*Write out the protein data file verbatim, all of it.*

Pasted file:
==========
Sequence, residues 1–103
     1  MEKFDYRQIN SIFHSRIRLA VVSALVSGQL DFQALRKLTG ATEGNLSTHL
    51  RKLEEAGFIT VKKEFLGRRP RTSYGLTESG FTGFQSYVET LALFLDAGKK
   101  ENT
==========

Sequence, residues 1–103
     1  MEKFDYRQIN SIFHSRIRLA VVSALVSGQL DFQALRKLTG ATEGNLSTHL
    51  RKLEEAGFIT VKKEFLGRRP RTSYGLTESG FTGFQSYVET LALFLDAGKK
   101  ENT